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UCAS Personal Statements

How should I structure my personal statement?

Good question. What are admissions tutors and interviewers MOST interested in? Well, we want to see proof of your academic ability, your commitment and your potential.

For Cambridge applications, the most important part of your personal statement is the subject-focused content. Top university tutors agree you should use at least two-thirds of the space to demonstrate interest in your chosen subject.

  • Tell us how you’ve explored this interest – within your school/college studies and beyond, particularly in wider academic reading beyond the school syllabus.
  • Plan to take a gap year? Include a brief outline of your plans. (But first check your subject entry details – deferred entry may not be advised for some courses.)

What to include: DOs and DON'Ts

The most important thing to do is... be yourself!

DO show your enthusiasm by explaining why you’re so committed to your chosen course.

DO give examples of what you enjoy and what interests you, and explain why. It’s a good idea to go into detail about a couple of examples, displaying your insight and personal interest, rather than providing a long list.

DO write about things you like talking about. When it comes to interview, the material from your personal statement sometimes serves as a springboard for discussion.

DON’T mention things already included elsewhere on your UCAS form. Space is limited, so don’t waste any.

DON’T be too vague, talking about what you ‘might’ do before or after your course.

DON’T use words you wouldn’t normally use. We want to hear you being YOU.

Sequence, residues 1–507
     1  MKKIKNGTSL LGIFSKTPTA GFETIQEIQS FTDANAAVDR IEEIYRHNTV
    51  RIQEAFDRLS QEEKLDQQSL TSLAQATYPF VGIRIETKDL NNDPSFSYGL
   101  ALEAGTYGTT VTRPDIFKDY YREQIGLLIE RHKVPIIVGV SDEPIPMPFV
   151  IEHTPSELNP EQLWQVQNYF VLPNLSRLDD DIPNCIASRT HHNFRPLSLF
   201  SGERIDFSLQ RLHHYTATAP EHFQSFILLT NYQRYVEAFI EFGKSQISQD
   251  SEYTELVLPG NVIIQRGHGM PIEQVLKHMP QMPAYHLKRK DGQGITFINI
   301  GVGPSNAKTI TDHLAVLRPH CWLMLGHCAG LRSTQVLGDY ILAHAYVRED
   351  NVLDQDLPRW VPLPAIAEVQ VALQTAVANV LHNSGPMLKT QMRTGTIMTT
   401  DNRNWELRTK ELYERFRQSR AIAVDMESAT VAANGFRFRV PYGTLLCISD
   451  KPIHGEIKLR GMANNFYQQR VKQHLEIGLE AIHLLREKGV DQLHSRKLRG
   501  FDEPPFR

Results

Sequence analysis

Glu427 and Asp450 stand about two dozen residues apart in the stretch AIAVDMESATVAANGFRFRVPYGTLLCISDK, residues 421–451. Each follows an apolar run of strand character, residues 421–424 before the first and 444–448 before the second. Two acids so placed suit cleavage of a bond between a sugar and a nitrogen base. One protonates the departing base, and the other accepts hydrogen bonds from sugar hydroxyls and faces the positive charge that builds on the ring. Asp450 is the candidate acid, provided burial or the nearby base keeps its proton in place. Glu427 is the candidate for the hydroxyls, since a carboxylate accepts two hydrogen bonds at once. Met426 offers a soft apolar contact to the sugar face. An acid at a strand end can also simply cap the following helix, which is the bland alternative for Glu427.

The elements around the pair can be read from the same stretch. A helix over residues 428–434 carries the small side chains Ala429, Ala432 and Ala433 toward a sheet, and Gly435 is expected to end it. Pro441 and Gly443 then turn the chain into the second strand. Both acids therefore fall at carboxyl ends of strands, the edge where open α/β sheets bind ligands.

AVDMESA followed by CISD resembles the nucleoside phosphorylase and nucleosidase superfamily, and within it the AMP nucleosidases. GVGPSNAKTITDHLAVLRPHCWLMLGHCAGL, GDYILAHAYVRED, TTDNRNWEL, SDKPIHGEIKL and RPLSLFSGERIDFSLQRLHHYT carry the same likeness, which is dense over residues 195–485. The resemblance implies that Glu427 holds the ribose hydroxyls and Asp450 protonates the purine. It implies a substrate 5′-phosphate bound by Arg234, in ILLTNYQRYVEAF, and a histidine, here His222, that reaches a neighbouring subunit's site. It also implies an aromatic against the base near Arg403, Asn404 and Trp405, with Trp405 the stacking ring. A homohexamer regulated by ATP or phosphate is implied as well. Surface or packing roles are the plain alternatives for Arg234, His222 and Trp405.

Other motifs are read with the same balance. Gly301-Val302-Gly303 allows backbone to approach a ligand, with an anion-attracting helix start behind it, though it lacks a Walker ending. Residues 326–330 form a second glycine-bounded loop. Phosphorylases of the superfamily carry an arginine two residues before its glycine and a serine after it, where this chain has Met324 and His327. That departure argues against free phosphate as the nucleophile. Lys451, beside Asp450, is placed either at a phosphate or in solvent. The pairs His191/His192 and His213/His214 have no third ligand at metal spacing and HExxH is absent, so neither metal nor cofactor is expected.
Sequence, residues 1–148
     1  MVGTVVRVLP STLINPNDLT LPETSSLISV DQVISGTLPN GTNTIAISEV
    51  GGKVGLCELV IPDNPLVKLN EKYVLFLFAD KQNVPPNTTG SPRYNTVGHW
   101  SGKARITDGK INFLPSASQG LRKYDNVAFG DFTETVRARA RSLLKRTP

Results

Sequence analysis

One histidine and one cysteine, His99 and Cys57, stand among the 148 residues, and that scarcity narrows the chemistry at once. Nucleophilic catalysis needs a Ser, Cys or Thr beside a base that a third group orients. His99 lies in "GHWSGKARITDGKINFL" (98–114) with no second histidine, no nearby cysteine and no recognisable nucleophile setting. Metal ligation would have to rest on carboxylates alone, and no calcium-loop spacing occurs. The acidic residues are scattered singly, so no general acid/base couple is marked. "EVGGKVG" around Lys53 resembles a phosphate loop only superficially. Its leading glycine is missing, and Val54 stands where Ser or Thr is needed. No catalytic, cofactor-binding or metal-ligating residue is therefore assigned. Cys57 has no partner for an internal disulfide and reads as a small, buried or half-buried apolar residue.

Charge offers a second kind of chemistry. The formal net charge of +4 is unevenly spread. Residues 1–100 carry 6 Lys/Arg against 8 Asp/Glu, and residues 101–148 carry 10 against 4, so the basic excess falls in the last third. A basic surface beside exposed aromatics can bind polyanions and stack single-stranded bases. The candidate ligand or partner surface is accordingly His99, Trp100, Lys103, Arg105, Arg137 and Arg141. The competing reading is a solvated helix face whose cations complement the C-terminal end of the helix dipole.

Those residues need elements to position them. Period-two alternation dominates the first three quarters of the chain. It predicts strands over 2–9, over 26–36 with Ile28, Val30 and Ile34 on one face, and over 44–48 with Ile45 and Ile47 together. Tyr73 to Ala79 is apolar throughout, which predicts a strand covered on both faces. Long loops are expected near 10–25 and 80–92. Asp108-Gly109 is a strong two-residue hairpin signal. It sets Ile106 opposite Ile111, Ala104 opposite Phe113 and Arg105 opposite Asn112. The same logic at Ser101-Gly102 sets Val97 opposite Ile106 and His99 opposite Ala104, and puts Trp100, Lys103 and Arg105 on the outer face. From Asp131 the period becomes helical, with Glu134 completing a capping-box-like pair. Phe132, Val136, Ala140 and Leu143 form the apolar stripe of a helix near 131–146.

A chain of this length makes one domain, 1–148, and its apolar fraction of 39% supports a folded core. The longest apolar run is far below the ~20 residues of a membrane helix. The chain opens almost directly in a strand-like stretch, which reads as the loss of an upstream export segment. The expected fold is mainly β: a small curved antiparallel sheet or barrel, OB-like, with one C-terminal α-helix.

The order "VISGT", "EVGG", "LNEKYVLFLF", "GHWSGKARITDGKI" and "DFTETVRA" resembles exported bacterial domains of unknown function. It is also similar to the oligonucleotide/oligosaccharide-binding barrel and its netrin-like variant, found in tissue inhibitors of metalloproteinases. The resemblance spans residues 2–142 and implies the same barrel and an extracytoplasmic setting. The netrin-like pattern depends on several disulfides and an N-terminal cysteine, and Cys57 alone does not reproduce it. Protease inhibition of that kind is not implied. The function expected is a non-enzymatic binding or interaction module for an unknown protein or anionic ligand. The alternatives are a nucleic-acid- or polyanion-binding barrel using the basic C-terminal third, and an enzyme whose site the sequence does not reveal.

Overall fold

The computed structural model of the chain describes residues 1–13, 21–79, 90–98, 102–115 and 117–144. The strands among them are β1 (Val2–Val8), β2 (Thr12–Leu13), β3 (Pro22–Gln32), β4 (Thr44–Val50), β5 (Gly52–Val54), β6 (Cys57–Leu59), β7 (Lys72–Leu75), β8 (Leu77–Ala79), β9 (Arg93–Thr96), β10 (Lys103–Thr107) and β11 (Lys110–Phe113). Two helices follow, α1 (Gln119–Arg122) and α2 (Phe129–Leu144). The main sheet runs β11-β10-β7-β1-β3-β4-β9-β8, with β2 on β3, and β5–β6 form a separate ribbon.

Should I mention extra-curricular activities?

If you pursue activities that are relevant to the course you hope to pursue, yes. Please tell us what you’ve learned and what you’ve found interesting.

If you do them outside school hours, explain what skills you’ve gained from them (such as self-motivation or good time management) and how these will help you perform well as a student.

However, we don’t take into account less course-relevant activities (such as sport) when considering your application.

And if you don’t go into detail about your activities, you’re not at a disadvantage. Just remember, some universities are very interested in the wider contribution you can make to their institution. All of your choices see the same personal statement, so it’s a good idea to make sure yours will appeal to each of them.

A personal statement is exactly that: personal.

There is no winning formula or template. Just follow the above guidelines to include the kind of information a Cambridge admissions tutor would hope to see. That way, you’ll give yourself the best possible chance.